RALEIGH, N.C. (WNCN) – Ford Explorer drivers might want to take advantage of free repairs offered by the automaker following carbon monoxide concerns.
The voluntary program provided through dealership service centers includes reprogramming air conditioners, replacing liftgate drain valves, and inspections of seals at the rear of the vehicles. It began Nov. 1 for 2011-2017 model Explorers and runs through Dec. 31, 2018.
Raleigh driver Steve Simmons isn’t satisfied by the offer. The loyal Mitsubishi buyer found himself in need of a different type of vehicle once the Japanese manufacture discontinued its Endeavor SUV. He said he searched for something comfortable that met some other requirements, and that happened to be the Explorer.
He bought the SUV from a Wake Forest Ford dealership, and took it back after just two weeks.
“Within a week I was feeling unusual. In the second week, I started to feel sick,” Simmons said. “All of a sudden It dawned on me that this was happening to me.”
He said a few days after his purchase, a friend told him about the numerous stories online about people getting sick from carbon monoxide fumes, particularly police officers who drove the new Interception version of the vehicle.
The symptoms Simmons described – which included nausea, dizziness, headaches, and blurred vision – matched those consistent with carbon monoxide poisoning. Some people called into question his confidence in the car as the cause. He said his overall health isn’t an issue, and he has two carbon monoxide detectors in his house.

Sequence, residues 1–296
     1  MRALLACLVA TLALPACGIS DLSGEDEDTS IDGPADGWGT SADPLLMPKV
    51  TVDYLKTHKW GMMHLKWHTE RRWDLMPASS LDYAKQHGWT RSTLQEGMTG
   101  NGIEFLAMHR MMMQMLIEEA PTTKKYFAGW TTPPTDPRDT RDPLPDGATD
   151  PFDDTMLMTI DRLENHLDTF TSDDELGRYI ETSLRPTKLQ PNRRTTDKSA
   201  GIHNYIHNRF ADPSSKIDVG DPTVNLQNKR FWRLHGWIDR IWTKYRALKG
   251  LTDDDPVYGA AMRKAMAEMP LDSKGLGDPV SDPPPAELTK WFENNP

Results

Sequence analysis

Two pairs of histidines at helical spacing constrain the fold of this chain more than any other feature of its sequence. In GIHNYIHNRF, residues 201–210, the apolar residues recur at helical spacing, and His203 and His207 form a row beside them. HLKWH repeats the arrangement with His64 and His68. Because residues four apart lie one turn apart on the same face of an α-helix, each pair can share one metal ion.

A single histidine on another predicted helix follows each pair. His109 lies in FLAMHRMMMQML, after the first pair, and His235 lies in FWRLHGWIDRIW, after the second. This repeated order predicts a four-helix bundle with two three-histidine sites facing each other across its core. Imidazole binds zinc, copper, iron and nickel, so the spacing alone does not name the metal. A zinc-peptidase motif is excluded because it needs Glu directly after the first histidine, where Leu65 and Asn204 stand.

“If you eliminate all of those things, that kind of narrows it down to ‘Well Steve, what vehicle did you drive?’,” he said. “I was just fortunate that I had a friend that was aware of what’s going on. I was fortunate that I had a doctor that believed me, and I was fortunate to get a blood test done immediately.”
Doctors diagnosed him with carbon monoxide poisoning. He contacted Ford and was dissatisfied with their responses. After negotiations with the local dealership, he was unable to get them to buy back the Explorer and settled for trading it in for a Ford F-150.
The pick-up is a larger vehicle than he wanted, but he said things are going well and he doesn’t have any safety concerns.
Ford’s safety communications manager, Elizabeth Weigandt, said safety is the company’s top priority.
“Consistent with our ongoing investigation, Ford has not found levels of carbon monoxide in Ford Explorers that present a risk to safety by exceeding normal exposure in everyday life,” Weigandt said in an email to CBS North Carolina.
The company stands by its stance that the passenger vehicles are safe, and said the issues with police SUVs are an unrelated result of unsealed holes created by third-party installation of police equipment. Ford is working with more than a dozen police departments to fix the carbon monoxide issues in the Interceptors.
Simmons said he wants Ford to recall all Explorers from 2011 to 2017, and the Center for Auto Safety has the same demands. The National Highway Traffic Safety Administration continues to investigate the issue following thousands of complaints.
Simmons hopes to help other drivers avoid his experience, and launched the website fordexplorernightmare.com, which has information about Explorers as well as the paperwork from his diagnosis.